The real problem is our insane tax code that sends revenue to territories for rum they may not produce and with no strings attached. Thanks to the rum cover over provision, US taxpayers may soon be funneling their money through the Virgin Islands government directly to Diageo. If you’re Diageo you call that a “historic and innovative public-private initiative.” If you’re a libertarian you call it corporate welfare.

My inclination is to side with Bacardi/Serrallés on this one and support a 10% cap on rum subsidies. Or better yet, we could eliminate rum subsidies entirely, a proposition neither Bacardi nor Diageo is likely to support.

Carlyle’s closing cocktail menu

I may have to make some changes as we run low on ingredients, but here’s the intended cocktail menu for our final two weeks, including three new additions. This will go into effect tomorrow:

Aquavit Hot Toddy – Krogstad aquavit, Swedish punsch, lemon, star anise $8

Antigua Old-Fashioned – English Harbour rum, coffee-orange bitters, sugar $8

Smoky Margarita – Herradura reposado tequila, Cointreau, lime, lapsang souchong syrup $8

Portland Stinger – Branca Menta, bourbon, brandy, lemon, grenadine $9

Thyme in a Bottle — Bombay Sapphire, Farigoule thyme liqueur, lemon, maraschino $9

Erica’s Impulse –Brandy, allspice liqueur, lemon, simple syrup, orange bitters $8

H’ronmeer’s Flame – Rye whiskey, sweet vermouth, Ramazzotti, flamed orange zest $9

Witty Flip – Brandy, J. Witty chamomile liqueur, lemon, orange bitters, egg, nutmeg $10

Horatio – Krogstad aquavit, Cointreau, Fernet-Branca, orange bitters $9

Curse of Scotland — Ardbeg 10 year single malt Scotch, Drambuie, maraschino, lemon $10

Queen Bee – Vodka, St. Germain elderflower liqueur, lemon, honey syrup, sparkling wine. $9

On a Whim – Trust your bartender to make you something good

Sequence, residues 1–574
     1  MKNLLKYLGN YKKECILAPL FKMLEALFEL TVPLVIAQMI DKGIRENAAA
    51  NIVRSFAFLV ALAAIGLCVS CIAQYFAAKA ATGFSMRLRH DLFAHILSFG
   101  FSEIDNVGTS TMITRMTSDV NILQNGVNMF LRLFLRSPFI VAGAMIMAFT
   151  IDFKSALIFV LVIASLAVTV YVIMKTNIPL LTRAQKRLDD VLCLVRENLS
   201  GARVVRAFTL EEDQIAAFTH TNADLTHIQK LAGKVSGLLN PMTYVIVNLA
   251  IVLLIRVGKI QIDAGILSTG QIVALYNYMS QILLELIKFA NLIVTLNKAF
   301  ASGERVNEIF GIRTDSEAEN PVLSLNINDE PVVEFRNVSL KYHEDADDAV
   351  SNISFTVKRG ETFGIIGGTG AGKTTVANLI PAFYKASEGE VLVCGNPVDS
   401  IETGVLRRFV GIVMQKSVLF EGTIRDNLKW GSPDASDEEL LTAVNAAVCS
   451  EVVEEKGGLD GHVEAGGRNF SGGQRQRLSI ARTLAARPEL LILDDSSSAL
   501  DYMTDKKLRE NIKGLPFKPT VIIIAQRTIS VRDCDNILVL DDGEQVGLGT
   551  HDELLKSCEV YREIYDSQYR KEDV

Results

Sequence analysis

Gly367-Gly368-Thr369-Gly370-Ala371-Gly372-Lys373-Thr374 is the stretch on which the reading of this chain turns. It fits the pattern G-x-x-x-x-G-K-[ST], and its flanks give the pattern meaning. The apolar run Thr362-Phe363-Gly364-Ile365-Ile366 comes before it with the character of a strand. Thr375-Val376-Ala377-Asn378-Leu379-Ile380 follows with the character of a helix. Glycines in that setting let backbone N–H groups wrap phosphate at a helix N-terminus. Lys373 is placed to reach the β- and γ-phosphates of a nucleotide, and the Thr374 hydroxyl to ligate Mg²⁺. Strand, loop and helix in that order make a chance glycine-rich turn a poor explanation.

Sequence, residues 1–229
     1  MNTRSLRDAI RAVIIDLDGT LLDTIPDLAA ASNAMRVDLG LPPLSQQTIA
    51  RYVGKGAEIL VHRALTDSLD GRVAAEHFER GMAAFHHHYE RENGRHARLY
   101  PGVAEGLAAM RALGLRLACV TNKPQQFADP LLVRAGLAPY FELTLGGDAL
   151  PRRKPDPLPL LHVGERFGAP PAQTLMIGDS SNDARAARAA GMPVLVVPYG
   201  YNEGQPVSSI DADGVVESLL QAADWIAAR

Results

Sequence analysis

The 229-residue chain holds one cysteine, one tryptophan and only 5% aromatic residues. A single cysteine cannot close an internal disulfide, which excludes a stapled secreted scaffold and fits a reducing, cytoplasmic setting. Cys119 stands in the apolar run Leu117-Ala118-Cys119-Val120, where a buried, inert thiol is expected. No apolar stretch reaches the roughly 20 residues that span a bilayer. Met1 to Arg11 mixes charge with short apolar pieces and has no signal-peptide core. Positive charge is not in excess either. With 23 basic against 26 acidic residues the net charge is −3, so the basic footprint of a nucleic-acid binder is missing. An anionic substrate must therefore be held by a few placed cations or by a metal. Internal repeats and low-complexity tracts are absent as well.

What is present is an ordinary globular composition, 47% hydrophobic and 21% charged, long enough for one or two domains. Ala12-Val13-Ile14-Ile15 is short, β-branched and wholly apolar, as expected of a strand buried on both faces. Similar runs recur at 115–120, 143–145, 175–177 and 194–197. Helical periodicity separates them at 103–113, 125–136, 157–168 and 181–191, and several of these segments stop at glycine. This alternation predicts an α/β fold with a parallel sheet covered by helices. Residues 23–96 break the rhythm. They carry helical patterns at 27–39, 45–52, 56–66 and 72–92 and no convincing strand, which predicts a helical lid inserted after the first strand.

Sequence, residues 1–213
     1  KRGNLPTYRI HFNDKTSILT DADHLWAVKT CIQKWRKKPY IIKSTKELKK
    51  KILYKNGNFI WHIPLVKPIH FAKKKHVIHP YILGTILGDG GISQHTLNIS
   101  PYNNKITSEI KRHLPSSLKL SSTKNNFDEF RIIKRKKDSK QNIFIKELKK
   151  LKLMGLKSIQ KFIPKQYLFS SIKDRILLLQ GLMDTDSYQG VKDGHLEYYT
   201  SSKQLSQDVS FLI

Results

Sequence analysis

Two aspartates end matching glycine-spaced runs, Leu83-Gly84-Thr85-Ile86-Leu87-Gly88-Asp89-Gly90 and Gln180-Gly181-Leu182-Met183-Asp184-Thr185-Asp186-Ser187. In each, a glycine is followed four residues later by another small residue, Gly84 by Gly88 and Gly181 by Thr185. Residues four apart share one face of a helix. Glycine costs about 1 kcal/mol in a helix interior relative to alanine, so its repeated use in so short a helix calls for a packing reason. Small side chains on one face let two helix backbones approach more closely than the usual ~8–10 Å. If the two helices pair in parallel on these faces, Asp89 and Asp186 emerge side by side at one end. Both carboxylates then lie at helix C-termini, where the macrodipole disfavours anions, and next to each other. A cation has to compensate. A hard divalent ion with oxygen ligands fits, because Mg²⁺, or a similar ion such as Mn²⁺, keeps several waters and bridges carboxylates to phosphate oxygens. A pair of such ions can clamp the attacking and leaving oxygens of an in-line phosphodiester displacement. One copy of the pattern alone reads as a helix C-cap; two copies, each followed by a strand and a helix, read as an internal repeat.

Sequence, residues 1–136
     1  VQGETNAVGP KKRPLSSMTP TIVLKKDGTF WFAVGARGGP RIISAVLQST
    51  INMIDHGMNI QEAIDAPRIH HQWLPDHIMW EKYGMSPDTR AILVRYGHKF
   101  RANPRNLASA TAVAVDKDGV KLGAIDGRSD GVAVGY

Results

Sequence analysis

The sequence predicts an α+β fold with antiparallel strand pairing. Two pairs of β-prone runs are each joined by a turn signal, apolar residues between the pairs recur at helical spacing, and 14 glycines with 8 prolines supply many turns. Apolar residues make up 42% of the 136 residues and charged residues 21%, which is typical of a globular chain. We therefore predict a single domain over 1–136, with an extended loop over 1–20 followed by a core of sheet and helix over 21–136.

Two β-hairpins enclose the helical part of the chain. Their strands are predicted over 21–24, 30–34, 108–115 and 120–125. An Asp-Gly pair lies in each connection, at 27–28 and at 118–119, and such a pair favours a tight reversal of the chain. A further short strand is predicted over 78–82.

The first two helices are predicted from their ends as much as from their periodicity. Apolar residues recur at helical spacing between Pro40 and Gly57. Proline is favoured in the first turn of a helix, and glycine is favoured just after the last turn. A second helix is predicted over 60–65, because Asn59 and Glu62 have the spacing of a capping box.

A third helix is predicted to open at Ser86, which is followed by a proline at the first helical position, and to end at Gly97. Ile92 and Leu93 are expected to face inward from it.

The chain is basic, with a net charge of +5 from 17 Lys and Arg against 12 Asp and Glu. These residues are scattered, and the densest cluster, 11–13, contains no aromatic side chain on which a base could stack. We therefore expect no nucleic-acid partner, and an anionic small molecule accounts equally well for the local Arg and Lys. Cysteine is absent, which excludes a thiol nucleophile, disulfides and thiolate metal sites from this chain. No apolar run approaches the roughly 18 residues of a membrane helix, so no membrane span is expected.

Coffee bitters and the Antigua Old-Fashioned

antigua

With my dual interests in cocktails and coffee it was only a matter of time before the two collided in the same glass. Most recently I’ve been experimenting with coffee bitters. Many roots and barks can be used as bittering agents, so why not the pleasant bitterness of coffee beans? My friend Lance Mayhew and I have tried out several recipes for coffee bitters and with batch #5 we’ve hit on a combination that I find very satisfying. We use Lemonhart 151-proof rum as a base and add in a few complementary flavors like orange peel and star anise. The final product has a distinct coffee aroma and taste without overpowering the other ingredients; it might be more accurate to call these coffee-orange bitters given the strong orange note they produce. (Coffee geeks will be interested to know that the beans are Stumptown’s Costa Rica Herbazu; how much of a difference origin makes in these bitters is yet to be determined.)

My favorite use for the bitters so far is in a rum Old-Fashioned. I’ve tried this with a number of rums, searching for a spirit to give the drink the right amount sweetness without tipping too far in the direction of strong caramel flavor. My favorite so far is English Harbour, an Antiguan rum with just enough time in barrel to give it depth. It’s well-suited for a classic Old-Fashioned preparation:

2 oz English Harbour rum